All you do, is take some basil, salt and pepper, nuts, cheese and garlic
And process them for a few mintes in ye-olde food processor.
After I made this wonderous dish, I thought to myself: “Self,” I thought, “you should throw some of that deliciousness down on some chicken.”
And then I remembered something that everyone on the internet knows. Bacon is awesome, so I wrapped it all up in bacon and threw it in the oven.
Chicken with Pesto and Bacon:
- 1 1/2 cups Basil, packed
- 1tbs Walnuts
- 1tbs Pine Nuts
- 1/2 cup Olive Oil
- 3 Cloves Garlic, chopped
- 1/3 cup Grated Parmesean Cheese
- 1 pinch each Salt and Pepper
- 3 Chicken Breasts, halved
- 1lb Bacon
For the Pesto:
Combine nuts in the food processor and process for 15 seconds. Add Garlic, Basil and Salt and Pepper. While processing, slowly add the Olive Oil and blend until the basil pieces get as small as they are going to. Add the Cheese and blend until combined. Makes 1 Cup.
For the Chicken:
Preheat the oven to 400F. Spread about 1tbs of Pesto over each piece of Chicken. Wrap in two to three strips of Bacon, and bake until bacon is browned and chicken is cooked (~45 minutes).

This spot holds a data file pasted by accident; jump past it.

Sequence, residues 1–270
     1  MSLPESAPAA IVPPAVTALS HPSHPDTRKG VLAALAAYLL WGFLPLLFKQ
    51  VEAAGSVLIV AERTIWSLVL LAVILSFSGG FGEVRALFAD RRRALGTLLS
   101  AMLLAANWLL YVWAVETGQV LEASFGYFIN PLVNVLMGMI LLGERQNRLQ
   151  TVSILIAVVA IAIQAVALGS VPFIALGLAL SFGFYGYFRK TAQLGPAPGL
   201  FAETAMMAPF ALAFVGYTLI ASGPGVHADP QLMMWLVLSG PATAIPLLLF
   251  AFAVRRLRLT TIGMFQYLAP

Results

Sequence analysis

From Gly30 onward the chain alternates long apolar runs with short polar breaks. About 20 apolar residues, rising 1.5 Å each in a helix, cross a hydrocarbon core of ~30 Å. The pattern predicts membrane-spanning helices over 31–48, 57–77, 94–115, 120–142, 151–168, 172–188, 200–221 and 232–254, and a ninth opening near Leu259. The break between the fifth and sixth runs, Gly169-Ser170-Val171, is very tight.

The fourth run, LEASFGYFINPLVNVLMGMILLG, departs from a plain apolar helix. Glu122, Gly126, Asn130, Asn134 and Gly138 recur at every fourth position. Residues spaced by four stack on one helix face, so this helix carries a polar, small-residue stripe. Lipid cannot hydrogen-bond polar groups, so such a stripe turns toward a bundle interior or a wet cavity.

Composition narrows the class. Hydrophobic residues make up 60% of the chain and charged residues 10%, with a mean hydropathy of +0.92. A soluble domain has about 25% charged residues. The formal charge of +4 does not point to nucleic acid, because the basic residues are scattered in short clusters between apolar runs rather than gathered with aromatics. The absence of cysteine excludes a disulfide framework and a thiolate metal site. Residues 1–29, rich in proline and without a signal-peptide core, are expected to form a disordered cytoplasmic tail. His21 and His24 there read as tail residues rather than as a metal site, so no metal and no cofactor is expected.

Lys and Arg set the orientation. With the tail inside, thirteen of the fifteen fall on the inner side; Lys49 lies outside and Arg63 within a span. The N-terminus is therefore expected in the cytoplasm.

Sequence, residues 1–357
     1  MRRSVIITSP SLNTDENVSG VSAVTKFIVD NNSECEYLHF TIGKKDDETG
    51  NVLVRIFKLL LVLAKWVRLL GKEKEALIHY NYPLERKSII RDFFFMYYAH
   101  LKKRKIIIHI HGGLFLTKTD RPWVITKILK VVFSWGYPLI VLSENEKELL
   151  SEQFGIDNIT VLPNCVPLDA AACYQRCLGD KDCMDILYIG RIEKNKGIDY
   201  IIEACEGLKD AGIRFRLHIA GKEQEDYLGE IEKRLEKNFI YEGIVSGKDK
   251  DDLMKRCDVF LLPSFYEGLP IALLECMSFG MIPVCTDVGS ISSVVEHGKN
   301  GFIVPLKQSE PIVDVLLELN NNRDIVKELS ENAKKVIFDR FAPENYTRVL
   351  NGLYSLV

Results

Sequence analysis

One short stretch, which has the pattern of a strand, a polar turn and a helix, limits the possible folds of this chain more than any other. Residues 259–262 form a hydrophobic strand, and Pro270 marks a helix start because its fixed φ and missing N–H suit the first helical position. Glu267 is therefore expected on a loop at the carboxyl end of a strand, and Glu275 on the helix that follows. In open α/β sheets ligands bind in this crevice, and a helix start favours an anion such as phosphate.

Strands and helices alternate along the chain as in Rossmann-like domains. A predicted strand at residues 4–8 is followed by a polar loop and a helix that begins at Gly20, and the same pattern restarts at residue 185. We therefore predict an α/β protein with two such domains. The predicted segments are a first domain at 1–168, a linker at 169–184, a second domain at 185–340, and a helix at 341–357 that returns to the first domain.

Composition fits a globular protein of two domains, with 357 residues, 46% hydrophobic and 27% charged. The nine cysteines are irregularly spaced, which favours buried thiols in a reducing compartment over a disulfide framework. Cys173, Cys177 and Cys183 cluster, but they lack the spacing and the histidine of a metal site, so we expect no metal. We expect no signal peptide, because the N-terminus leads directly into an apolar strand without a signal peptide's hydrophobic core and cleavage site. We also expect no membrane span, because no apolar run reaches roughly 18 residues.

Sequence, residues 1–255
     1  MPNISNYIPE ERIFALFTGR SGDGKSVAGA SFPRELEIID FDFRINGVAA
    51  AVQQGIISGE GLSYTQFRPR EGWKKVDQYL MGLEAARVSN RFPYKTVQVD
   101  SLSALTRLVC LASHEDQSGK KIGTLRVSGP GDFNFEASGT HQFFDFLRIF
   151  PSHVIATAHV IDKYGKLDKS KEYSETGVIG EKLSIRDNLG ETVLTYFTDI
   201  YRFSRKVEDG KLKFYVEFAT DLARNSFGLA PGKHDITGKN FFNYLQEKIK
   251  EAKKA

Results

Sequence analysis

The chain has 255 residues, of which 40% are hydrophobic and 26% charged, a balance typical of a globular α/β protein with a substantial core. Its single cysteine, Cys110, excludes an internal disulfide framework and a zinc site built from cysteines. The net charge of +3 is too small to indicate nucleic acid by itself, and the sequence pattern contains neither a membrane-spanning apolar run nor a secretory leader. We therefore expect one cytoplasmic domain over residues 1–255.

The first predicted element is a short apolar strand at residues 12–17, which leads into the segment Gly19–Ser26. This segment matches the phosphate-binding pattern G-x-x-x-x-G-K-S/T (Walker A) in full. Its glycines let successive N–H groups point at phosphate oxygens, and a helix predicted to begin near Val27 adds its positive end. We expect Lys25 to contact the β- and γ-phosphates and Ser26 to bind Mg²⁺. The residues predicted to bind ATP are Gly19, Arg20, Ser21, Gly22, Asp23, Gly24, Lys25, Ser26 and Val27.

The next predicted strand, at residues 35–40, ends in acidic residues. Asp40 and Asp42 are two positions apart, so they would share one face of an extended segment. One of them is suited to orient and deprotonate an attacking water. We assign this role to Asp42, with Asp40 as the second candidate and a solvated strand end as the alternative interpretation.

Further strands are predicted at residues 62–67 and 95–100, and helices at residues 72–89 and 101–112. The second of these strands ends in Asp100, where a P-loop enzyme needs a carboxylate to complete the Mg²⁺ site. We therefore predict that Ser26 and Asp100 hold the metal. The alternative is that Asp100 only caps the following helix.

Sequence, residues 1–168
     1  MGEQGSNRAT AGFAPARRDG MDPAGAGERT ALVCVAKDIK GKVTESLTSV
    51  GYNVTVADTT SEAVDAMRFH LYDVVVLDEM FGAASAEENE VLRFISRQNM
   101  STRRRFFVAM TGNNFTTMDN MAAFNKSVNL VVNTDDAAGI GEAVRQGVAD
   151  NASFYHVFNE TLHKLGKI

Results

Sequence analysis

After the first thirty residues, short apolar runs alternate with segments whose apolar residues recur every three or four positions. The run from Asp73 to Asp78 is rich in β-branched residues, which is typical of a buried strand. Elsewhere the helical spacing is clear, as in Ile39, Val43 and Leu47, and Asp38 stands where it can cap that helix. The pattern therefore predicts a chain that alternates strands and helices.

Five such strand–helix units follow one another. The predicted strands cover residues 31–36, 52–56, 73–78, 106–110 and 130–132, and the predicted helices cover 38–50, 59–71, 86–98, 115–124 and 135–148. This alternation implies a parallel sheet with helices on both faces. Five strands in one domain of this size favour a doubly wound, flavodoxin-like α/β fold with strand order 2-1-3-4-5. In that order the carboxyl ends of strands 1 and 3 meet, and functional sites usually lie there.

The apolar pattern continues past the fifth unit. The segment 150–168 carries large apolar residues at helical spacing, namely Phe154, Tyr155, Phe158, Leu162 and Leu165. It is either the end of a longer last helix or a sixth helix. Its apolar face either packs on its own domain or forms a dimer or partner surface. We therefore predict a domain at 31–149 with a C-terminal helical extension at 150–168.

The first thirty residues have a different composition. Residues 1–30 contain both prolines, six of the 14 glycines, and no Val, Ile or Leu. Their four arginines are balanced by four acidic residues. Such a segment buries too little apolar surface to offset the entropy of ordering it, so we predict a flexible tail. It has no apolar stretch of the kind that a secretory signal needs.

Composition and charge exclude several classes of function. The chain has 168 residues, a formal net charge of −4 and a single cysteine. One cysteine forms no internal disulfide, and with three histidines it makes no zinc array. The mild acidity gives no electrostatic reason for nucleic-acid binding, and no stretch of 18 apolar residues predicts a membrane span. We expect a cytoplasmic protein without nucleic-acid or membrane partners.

Everyone has a list of things that they simply will not pay for. If roasted red peppers aren’t on your list then they should be. You can pay up to $10 for a bottle of them OR you can make them yourself for the cost of red peppers (~$1/lb around me). Your call.
For Roasted Red Peppers:
- 2-6 Red Bell Peppers
- 2 Cloves of Garlic
- 3 tbs Olive Oil
Preheat the oven to 450F. Place rinsed and dried peppers a hot, dry pan on high heat and cover. Turn every 5 minutes or so until peppers are evenly blackened (about 20 minutes). Place the peppers on an aluminum lined cookie sheet in the oven for one hour.
Do Laundry or some other productive thing (I watched Myth Busters).
Remove the peppers from the oven and place in a brown paper bag until they are cool enough to handle. This allows them to steam a little bit (yay residual heat). Once they have cooled, remove the skin by gently rolling the pepper between your hands and peeling it off (similar to a hard boiled egg). Pull the pepper apart into strips and carefully remove any seeds. Put finished strips in a bowl with olive oil and garlic. Refrigerate until ready to eat. Will keep, refrigerated, indefinitely (I don’t actually know how long they keep because I usually eat them all right away).